Nurture Your Child's Natural Eating Instincts

Key Insight: Babies are born with the natural ability to know when they're hungry and when they're full. And you can support this ability by trusting them to feed themselves.

Please Say More

When babies are born, they have an amazing ability to listen to their internal cues of hunger and fullness. They're naturally attuned to these signals and can start eating when hungry and stop when full [1-5]. Studies show that infants can consume nearly the exact amount of calories their bodies need for basic functions. This innate ability is remarkable!

The Parent Problem

The problem is that we, as well-intentioned adults, often struggle to read our kids' signals, especially their signals of fullness.

  • Without practice and learning these cues, it’s easy to overfeed our children.
  • Over time, they start to rely on external signals that it's time to start or end eating, rather than their internal ones. This shift makes it harder for them to recognize when they're full.

A Simple Solution

The solution is simple: let your kids feed themselves. When children initiate eating when hungry and stop when full, they maintain their ability to hear those internal cues. This isn't a perfect system, of course, and some kids need help regulating, but when practiced early and often this can help kids retain their natural ability to regulate food intake.

Consider This

Think about the last time you ate out. Did you feel compelled to finish your plate because you paid for it? Or did you eat just because it was noon? These external cues often dictate our eating habits. Similarly, our kids can start to rely on such cues – including our encouragement to “clean your plate”, instead of their internal signals.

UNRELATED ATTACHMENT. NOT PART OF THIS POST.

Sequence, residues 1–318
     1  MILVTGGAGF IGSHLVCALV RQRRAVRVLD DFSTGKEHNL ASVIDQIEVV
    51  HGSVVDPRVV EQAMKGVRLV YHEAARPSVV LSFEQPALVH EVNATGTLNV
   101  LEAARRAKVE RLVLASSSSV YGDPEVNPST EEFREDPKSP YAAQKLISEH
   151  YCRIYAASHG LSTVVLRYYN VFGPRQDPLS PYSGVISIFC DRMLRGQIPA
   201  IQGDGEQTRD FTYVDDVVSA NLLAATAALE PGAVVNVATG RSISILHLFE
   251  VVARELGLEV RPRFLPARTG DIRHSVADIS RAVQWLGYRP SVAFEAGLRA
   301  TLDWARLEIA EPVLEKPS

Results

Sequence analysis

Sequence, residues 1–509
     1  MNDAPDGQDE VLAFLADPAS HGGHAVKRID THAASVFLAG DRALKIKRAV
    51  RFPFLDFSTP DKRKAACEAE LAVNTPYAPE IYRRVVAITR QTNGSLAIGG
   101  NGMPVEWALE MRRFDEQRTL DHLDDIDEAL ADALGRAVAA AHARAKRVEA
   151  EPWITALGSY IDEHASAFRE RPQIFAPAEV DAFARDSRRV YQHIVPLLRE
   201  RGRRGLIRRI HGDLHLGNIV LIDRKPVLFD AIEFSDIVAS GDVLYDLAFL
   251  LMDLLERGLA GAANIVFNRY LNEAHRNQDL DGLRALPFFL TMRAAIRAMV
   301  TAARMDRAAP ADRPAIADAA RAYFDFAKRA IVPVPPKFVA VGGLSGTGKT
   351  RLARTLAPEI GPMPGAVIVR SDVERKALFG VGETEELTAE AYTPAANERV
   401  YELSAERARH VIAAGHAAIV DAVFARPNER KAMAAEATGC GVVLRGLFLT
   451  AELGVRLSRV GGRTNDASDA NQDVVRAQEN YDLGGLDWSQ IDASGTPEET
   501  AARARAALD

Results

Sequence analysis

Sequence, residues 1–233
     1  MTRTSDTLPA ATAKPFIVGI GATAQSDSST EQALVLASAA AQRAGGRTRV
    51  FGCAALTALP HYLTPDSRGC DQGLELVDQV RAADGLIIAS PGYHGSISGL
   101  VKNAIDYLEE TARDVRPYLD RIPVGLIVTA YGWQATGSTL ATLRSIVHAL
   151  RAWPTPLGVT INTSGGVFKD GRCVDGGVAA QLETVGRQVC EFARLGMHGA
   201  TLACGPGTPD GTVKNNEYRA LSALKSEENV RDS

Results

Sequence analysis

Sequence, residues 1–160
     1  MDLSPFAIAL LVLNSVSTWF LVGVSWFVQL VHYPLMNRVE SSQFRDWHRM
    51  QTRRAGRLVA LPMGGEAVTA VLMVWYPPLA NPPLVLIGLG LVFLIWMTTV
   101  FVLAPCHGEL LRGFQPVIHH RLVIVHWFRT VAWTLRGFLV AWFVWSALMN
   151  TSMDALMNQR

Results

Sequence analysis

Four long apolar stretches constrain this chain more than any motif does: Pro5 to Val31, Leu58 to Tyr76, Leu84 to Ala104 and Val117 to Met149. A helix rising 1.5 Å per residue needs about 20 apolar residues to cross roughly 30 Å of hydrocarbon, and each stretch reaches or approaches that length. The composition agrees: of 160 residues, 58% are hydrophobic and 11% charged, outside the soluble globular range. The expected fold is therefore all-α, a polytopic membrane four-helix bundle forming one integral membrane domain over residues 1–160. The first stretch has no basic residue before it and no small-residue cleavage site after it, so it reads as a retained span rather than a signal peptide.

Practical Tips for Parents

Here’s how you can support your child’s natural eating instincts:

Set the Right Boundaries: While you control what food is available and when it’s served, let your children decide how much to eat.

Remember that Inconsistency is Normal: Growing is inconsistent business. This means that appetites will also be inconsistent. It's normal for kids to have voracious appetites one day and barely touch their food the next.

Use Language Wisely: Encourage your kids to listen to their bodies. Ask them, "How does your body feel?" "Do you have room for more or are you full?" This helps them focus on those internal signals.

Encourage Reflection: When they stop eating after a few bites and claim to be hungry again soon after, use this as a teaching moment. Explain that this behavior suggests to you that they might not be truly hungry. Tell them that snack/mealtime will be over, for now, and you can revisit eating more later.

Remember, it's not about letting them eat whenever they want. Or holding tight control over all food. The goal is to consistently and regularly guide them to understand their hunger and fullness cues.

By doing this, you help them develop a life-long healthy relationship with food.

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